In the instant case petitioner was a civil service state employee, assigned to and engaged in the work of a plumber by the state of California at the state fair grounds in Sacramento. [31 Cal. App. 2d 292] The fair grounds lie within the corporate limits of the city of Sacramento. He earned his status by virtue of having passed the necessary examinations required by the provisions of article XXIV of the state Constitution, the Civil Service Act (Stats. 1937, chap. 753) and the rules and regulations of the state personnel board. He did not have a registration certificate as required by the foregoing ordinances of Sacramento, hence his arrest and imprisonment.

Sacramento is a charter city, and is given the power therein "to regulate the construction of and the materials used in all buildings ...; to regulate the manner of construction and location of drains and sewers ...; the materials and methods used for piping buildings for water; ... to regulate and prescribe all methods and materials used for the plumbing of all buildings, ... and to provide for the examination and licensing of all persons ... who shall engage in or work at the business of plumbing ..." Sacramento Charter, section 9.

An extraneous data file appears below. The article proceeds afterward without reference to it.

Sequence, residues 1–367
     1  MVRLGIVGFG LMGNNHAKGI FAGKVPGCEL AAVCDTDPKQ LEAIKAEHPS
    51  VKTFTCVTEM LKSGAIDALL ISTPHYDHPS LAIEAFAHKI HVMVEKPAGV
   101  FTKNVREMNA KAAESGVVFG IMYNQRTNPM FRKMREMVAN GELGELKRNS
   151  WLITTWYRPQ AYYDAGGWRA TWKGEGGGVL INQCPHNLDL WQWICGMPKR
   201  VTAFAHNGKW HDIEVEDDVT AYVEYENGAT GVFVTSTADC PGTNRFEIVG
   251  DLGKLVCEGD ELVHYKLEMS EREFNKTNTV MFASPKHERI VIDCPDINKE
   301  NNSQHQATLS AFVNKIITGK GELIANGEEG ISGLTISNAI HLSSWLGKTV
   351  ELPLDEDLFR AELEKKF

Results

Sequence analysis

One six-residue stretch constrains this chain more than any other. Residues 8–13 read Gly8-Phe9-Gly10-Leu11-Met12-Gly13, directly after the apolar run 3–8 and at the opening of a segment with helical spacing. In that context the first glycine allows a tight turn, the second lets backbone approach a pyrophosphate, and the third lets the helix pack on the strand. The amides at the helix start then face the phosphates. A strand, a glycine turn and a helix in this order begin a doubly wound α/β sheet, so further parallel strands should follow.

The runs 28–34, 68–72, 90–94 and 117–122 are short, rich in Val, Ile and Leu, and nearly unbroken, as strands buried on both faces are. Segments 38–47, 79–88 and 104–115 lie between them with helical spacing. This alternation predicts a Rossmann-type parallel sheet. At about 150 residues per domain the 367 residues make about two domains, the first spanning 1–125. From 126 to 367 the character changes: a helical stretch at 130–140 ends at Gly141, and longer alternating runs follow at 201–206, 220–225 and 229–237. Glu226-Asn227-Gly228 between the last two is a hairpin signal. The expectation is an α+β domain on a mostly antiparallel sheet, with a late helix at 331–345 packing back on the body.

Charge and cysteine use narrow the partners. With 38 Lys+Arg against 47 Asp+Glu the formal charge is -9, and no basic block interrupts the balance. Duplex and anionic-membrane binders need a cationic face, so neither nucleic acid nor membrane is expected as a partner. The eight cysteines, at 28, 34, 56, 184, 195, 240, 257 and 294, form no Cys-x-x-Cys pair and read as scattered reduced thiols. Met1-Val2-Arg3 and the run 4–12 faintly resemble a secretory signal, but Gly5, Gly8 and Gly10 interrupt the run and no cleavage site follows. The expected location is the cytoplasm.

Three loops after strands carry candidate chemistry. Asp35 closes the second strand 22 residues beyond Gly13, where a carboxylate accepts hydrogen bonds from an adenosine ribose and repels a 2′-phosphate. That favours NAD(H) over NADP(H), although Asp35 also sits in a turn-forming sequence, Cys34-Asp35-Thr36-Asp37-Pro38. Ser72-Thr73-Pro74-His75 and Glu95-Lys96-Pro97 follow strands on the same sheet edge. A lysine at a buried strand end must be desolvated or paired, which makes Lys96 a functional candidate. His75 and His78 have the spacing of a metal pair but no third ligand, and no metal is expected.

In addition to this express charter provision, Sacramento is given the power by section 11 of article XI of the state Constitution, "to make and enforce within its limits all such local police, sanitary, or other regulations as are not in conflict with general laws". Acting, therefore, under its general police power and under its specifically given charter powers Sacramento adopted the ordinance in question. Having in mind the nature of the work and its possible effect upon the health and well being of its citizens, it would appear that such requirements, both as to material and workmanship were a necessity and the failure to so protect its citizens would be a dereliction of duty upon the part of any city.